Media Releases

Tangaroa Blue & Kathmandu clean-up events

Kathmandu 2018Tangaroa Blue Foundation and Kathmandu are teaming up on April 15th in Perth, Brisbane, Melbourne and Sydney for their second joint clean-up to help protect the environment and promote awareness on the issues of marine debris!

If you'd like to join the fun please complete your registration via the Kathmandu Summit Club Volunteering Page

The event details are as follows, and you can find more information about the meeting spots on the event pages below:

Melbourne: 15 April 1-3pm,Westgate Park, Port Melbourne
Brisbane: 15 April 1–3pm, Park near Riverstage - Meet in the park next to City Cycle station No.20
Sydney: 15 April 1–3pm, Meadowbank Wharf, Bowden St, Meadowbank
Perth: 15 April 1–3pm, Point Walter Reserve


Sixth International Marine Debris Conference

6IMDCSocialMediaImageHeidi Taylor, Tangaroa Blue Managing Director, recently attended the Sixth International Marine Debris Conference, in San Diego, 12–16 March. These conferences are held infrequently — the last was in Hawaii in 2011. Heidi gave two presentations, one on citizen science programs and one on the Australian Marine Debris Initiative being a national marine debris hub. Some interesting presentations and discussions were had over the course of the week including the following.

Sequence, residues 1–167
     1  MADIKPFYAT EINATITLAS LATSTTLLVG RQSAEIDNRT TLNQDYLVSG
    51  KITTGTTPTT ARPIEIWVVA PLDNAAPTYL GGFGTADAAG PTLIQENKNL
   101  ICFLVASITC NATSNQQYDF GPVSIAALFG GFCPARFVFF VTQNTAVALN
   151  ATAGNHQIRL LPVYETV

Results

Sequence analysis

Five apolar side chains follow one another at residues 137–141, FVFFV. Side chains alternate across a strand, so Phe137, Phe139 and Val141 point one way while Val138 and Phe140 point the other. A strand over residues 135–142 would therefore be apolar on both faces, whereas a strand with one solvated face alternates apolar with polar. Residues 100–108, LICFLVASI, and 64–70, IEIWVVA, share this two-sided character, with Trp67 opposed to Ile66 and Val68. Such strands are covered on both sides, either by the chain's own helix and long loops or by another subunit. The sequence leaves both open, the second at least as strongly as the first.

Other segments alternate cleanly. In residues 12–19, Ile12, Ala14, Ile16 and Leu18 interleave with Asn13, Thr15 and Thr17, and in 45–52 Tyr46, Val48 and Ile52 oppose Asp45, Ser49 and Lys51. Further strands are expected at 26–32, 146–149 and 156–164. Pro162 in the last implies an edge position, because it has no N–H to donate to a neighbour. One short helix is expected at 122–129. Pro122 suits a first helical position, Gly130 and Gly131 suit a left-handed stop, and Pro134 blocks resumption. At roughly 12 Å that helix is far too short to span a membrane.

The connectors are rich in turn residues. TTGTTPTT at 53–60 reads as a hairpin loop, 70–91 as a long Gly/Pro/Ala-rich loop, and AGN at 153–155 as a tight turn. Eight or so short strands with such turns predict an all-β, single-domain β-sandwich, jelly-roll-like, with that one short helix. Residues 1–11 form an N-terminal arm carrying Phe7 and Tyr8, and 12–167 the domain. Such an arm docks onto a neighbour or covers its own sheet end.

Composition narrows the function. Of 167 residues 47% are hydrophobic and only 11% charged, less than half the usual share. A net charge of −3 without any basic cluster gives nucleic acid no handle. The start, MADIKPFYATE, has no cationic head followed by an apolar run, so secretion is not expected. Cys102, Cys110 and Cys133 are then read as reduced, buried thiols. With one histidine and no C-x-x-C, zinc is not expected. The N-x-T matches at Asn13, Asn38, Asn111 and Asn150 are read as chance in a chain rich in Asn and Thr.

The opportunity in the Green Sword

RecyclingHave you heard about the Green Sword? In short it is China’s policy to stop taking the world’s waste. Previously, China would import 700 000 tonnes of solid waste but on 1 January 2018 that changed. China has placed a ban on 24 categories of recyclables and solid waste as well as changing the quality control placed on products taken by China. In Australia approximately 619 000 tonnes of materials is expected to be impacted by the ban, worth $523 million.


10 Million Items Recorded in the AMDI Database

10 mill 01Tangaroa Blue Foundation reveals details of 10 million items littering our waterways and coast.
An Australian first study into the origin of rubbish in our oceans and waterways has found plastic fragments, cigarette butts and plastic lids & bottlecaps are the main contributors to pollution.

The study, which provided over 100,000 volunteer opportunities across Australia, collected 10 million items of rubbish and recorded them in the Australian Marine Debris Initiative (AMDI) Database in a bid to help save our oceans from plastic and debris.

“By understanding where this rubbish is coming from we can stop it at the source before it enters the environment,” says Heidi Taylor Managing Director of Tangaroa Blue.


Are you a database wizz?

AMDI LogoTangaroa Blue's Australian Marine Debris Database is growing every day with volunteers and partners across Australia sending in their data sheets from their beach, river and community clean-up events. In the next few months we will reach a huge milestone clicking over 10,000,000 marine debris items being recorded!

Our database team needs to grow to meet this demand and we are looking for an AMDI Database project officer to join our team.